Thursday, September 6, 2012
Last month, the Merriam-Webster Dictionary proffered their definition of a Life Coach. While it’s gratifying to have our profession officially recognized, the critical noun used to define it is woefully inaccurate.
The Webster Dictionary now defines a Life Coach as: (noun) an advisor who helps people make decisions, set and reach goals, or deal with problems.
Professionally trained coaches rarely, if ever, play the role of advice-giver. It’s a valuable role, to be sure. It’s just not the role of a life coach.
Mentors give advice. Consultants give advice. Teachers and preachers and experts of all stripes give advice. But not life coaches.
Sports coaches, fitness coaches, nutrition coaches, even voice coaches give advice. But not life coaches.
These other forms of service are characterized by a knowledge differential. The knowledge of one person is desired by another, so the one who has it offers advice to the one who desires it.
Think mentor-to-apprentice. Teacher-to-student. Master-to-novice. Physician-to-patient. Consultant-to-business owner. In each of these, the one desiring growth seeks advice from the one with expertise.
Seeking advice is one of the surest paths to wisdom and success. But it’s not the only means by which personal growth occurs.
Advisors work from the outside-in; an advisor has knowledge and seeks to impart it to the inner being of the advisee.
Life coaches do exactly the opposite; they work from the inside-out, because they don’t have the knowledge their clients are seeking.
Life coaches cannot possibly be experts on their clients’ unique life paths, or giftings, or sense of life callings. They can’t know those things until their clients discover them for themselves.
So a life coach’s primary role is to help clients do exactly that – to discover for themselves, through relationship with the coach, what lies uniquely within themselves.
A Judeo-Christian proverb states: “The purposes of a man’s heart are deep waters, but a man of understanding draws them out.”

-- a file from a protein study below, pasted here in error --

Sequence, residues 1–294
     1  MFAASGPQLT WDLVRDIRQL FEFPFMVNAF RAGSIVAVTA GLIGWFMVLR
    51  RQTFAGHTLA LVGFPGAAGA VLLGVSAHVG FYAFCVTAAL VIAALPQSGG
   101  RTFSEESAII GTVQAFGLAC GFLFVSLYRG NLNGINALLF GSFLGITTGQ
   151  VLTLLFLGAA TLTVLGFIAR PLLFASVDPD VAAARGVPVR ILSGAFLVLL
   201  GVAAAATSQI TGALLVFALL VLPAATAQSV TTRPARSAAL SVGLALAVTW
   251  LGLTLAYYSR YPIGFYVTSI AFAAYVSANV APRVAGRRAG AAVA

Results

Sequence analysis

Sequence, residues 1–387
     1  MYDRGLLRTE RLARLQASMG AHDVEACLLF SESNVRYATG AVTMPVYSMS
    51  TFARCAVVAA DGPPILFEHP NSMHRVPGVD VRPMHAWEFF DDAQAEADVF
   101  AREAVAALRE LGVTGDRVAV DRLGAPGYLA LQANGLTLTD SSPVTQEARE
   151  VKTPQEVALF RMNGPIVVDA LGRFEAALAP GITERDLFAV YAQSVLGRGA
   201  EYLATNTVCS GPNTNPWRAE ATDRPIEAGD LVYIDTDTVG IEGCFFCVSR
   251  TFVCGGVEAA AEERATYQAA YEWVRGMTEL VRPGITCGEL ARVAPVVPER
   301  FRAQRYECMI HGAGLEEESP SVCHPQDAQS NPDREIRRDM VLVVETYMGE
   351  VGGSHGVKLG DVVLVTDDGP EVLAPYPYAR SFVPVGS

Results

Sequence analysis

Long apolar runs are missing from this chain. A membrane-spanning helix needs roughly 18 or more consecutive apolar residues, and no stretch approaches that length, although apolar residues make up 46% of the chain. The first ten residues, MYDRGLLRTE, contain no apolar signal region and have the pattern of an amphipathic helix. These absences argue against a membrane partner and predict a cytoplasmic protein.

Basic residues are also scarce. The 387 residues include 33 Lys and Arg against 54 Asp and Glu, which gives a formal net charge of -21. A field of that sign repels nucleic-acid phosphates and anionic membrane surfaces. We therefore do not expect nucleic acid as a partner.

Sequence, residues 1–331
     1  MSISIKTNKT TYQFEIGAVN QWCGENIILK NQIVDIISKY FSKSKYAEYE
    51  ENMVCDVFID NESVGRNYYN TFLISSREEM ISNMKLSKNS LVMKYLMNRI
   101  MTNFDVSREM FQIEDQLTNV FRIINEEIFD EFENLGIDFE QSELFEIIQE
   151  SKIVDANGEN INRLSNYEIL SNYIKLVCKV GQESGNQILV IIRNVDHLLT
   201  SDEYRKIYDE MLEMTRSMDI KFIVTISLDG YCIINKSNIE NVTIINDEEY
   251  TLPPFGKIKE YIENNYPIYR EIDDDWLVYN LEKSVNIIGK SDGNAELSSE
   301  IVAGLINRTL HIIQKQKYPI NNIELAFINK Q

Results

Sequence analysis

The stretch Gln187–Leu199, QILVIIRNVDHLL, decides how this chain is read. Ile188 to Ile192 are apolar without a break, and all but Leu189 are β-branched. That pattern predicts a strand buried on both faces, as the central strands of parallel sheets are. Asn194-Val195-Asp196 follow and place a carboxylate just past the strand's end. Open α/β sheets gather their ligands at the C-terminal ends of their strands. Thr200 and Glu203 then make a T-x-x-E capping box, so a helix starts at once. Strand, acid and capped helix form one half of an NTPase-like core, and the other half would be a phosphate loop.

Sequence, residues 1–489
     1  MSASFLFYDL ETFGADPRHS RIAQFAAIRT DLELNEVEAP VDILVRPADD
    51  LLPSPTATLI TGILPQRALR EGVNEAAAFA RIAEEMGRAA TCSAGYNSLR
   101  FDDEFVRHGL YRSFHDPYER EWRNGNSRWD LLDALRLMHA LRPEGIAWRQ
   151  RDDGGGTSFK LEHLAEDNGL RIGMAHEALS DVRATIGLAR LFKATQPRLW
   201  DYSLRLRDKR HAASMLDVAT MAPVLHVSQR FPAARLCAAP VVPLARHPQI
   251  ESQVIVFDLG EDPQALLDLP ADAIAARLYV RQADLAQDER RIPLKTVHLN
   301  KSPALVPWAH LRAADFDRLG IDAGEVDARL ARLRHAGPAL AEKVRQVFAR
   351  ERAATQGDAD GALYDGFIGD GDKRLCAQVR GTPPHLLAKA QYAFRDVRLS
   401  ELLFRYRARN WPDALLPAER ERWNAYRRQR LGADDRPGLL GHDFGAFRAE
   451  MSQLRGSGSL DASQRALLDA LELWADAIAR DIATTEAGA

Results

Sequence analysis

This beautifully captures the exploratory, inside-out nature of life coaching. A life coach “draws out” the purposes of a client’s heart – their gifts, their call, their passion, their path.
How do life coaches do this drawing-out?
They question. Being genuinely curious about what may be discovered, they question and listen, and then question some more.
If coaches are expert in anything at all, it is questioning; digging, probing, prodding, and then reflecting, clarifying, reframing, and challenging.
Think of detectives arriving on a crime scene. They have no more information to begin with than you or I. They don’t know whodunit, or why, or how.
They can’t be advisors because they don’t have the desired knowledge.
The expertise of detectives lies not in having answers but in knowing how to draw them out.
Detectives question witnesses. They search for clues. They form hypotheses and formulate more questions. And eventually, through an intentional process of inquiry and clarification, they discover whodunit and why and how.
They attain their answers from the inside-out. Just like a life coach.
Life coaches approach clients like detectives seeking to discover giftings and callings, and to then help clients discern how to fulfill those.
The differences between advisors and detectives couldn’t be more stark: outside-in versus inside-out.
Old Mr. Webster may not change his definition, but it’s a blow to the field of life coaching if he doesn’t.
|Christopher McCluskey, MSW, PCC|
Christopher McCluskey, MSW, PCC, is President & CEO of Professional Christian Coaching Institute. A pioneer in the field, he serves on numerous boards and is an active member of the International Coach Federation.